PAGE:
Written by Tom Clarke • Published 18th September 2019 • 3 minute read

With the Ashes wrapped up for another two years, and the little urn unfortunately on its way back to Australia, it’s time to switch our attention to the next sporting fixture in the calendar, and it’s not a small one either.

The 2019 Rugby World Cup gets underway this week in Japan, and the English will be hoping to follow in the footsteps of their cricketing counterparts who etched themselves into sporting folklore just a few months ago after claiming a first World Cup victory.

But whilst Eddie and the boys are busy taking on the likes of Argentina and France in the group stages. We’re going to go on a whistle-stop tour of what you and your business can be doing over the next month to make sure you capitalise on the Rugby World Cup.

Social media content creation

Whether it’s a feel-good status in preparation to one of England’s games, or a bespoke animation, make sure your social followers know you’ll be cheering them on.

Sporting events offer businesses a unique opportunity to show off their personality whilst creating content that they wouldn’t usually be able to get involved with.

It’s vital for brands to engage with audiences during major sporting events on social media – not least because it presents an opportunity to engage with an online community that they might not necessarily reach with their wider strategy. It’s important not to shoehorn your brand into conversation, but to immerse in conversation from a natural and sincere angle.

Joe Toal, Social Media Manager at The PHA Group

Social media has clearly evolved since the 2015 World Cup, community managers now have multiple tools up their sleeves such as creating polls, live streaming or even Instagram stories.

The main points to remember here is to make sure you continue to engage your audience, use hashtags and emojis to keep your posts creative.

CSR

Corporate social responsibility has become one of the standard business practices of our time. Consumers now demand that companies start playing an active role in addressing social, cultural and environmental issues. Global sporting events give businesses a great opportunity to do some good in the world whilst also enhancing their profile in the media spotlight.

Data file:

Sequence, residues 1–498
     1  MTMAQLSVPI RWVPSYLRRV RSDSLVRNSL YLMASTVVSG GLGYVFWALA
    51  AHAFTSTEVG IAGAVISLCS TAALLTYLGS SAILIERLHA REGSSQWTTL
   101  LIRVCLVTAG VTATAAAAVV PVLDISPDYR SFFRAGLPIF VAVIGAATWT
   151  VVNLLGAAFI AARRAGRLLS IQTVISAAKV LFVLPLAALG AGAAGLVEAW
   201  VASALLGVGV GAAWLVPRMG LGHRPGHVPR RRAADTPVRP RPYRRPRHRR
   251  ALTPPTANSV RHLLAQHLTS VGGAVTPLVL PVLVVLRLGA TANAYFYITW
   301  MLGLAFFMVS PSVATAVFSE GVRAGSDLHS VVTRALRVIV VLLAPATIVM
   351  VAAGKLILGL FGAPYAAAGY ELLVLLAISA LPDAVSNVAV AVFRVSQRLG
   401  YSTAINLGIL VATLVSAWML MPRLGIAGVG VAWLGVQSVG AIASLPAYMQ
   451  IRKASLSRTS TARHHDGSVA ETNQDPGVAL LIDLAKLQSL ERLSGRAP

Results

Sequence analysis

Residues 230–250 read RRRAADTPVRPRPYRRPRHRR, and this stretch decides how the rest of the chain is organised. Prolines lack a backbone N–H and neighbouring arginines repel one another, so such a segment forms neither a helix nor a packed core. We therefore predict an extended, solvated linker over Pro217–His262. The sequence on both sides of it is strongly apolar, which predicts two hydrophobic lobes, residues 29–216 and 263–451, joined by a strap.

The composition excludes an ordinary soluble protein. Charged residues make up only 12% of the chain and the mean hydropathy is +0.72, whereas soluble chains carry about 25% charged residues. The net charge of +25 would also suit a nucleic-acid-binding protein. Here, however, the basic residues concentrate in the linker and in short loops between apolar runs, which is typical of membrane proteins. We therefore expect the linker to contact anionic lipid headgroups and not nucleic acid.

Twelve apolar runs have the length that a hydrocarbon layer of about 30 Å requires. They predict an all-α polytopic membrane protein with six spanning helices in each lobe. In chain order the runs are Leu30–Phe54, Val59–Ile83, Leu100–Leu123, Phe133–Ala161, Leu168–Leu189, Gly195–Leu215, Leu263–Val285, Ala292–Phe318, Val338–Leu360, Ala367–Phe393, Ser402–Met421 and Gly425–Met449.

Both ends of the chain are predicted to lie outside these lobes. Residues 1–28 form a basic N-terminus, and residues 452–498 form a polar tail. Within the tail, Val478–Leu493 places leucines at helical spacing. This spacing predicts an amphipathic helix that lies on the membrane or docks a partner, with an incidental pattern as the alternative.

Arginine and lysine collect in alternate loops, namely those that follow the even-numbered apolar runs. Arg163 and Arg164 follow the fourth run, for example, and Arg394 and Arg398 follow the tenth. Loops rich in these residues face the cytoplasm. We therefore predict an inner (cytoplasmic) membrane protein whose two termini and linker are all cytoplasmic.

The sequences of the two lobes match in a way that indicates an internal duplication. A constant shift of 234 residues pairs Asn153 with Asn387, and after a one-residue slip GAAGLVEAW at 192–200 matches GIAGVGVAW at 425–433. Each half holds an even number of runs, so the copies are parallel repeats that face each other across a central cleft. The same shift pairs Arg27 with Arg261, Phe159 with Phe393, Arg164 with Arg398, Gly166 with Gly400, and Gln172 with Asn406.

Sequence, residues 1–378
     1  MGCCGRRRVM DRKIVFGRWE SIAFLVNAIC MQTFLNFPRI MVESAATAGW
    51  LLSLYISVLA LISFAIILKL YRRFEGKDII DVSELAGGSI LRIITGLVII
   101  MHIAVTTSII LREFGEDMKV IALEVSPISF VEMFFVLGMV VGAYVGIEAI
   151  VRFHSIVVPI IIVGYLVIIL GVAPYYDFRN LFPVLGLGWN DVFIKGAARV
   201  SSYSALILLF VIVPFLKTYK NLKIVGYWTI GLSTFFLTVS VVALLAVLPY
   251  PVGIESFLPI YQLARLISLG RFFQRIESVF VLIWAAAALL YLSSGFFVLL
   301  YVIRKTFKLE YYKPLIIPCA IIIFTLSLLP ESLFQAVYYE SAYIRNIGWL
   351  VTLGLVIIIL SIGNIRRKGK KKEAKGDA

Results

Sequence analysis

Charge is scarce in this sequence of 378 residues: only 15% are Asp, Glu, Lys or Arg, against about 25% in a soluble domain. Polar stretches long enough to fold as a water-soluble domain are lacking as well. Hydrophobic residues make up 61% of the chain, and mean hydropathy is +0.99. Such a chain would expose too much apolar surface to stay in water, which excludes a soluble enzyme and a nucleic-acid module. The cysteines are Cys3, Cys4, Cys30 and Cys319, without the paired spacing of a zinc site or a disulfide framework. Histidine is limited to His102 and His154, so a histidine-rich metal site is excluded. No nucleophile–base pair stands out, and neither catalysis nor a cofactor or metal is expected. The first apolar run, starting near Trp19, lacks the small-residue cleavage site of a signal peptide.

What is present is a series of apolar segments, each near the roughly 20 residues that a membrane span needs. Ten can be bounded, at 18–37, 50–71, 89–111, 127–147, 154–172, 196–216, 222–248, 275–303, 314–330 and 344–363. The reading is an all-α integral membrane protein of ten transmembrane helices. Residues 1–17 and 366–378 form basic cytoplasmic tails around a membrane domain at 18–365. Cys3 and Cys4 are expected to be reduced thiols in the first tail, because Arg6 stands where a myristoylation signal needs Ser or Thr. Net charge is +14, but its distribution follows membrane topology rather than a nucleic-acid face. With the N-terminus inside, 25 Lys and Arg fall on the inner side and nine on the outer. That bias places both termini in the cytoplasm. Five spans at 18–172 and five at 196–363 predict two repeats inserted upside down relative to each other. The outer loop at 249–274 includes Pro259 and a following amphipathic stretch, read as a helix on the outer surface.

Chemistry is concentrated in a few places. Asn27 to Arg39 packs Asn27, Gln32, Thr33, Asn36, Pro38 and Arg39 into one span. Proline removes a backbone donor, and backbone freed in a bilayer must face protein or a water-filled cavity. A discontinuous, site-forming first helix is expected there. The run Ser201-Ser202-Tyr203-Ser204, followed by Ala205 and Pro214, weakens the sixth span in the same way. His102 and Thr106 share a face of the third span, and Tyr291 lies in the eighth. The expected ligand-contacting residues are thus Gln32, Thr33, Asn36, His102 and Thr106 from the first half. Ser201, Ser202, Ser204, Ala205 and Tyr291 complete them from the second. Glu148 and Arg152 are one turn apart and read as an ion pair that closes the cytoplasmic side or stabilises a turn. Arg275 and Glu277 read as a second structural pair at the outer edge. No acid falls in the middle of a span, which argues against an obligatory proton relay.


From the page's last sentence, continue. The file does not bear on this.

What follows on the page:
For example, during the fifth and final test of the recent Ashes series, lyricist and big-time cricket fan, Sir Tim Rice, decided to donate £15,000 for every hundred scored and every five-wicket haul taken and £5,000 for every fifty and three-wicket haul achieved by England to cricketing charity, Chance to Shine.

Could your businesses offer an hour of charity work for every point that Owen Farrell scores during the World Cup? Or a donation for every try that Jonny May finishes?

Spontaneous moments

Any sporting event inevitably offers drama, excitement and unpredictability if it didn’t, we probably wouldn’t watch it. So, during this World Cup, we’re bound to see a few surprises, scares and maybe even an England win! So, use these moments to direct traffic to your site where possible. If you run an e-commerce site, why not offer a 10% discount code such as ENG10 if they progress through the semi-finals to the final?

Email marketing

Implementing an email marketing strategy around an event can run the risk of losing a potentially willing customer, who unsubscribes from your content as they aren’t interested in the event in question.

So why not start small? An idea from email marketing specialists Kickdynamic, is creating live countdown timers for a specific game.

This allows your business to mention that you’ll be supporting [insert your favourite team here] during the World Cup, whilst continuing with your normal communication. Like previously mentioned, events allow an opportunity for businesses to get creative and jump on the news agenda, but it’s key to remember where the line is.

If you’re interested in learning more about how your business can hijack the news agenda most often, get in touch with us today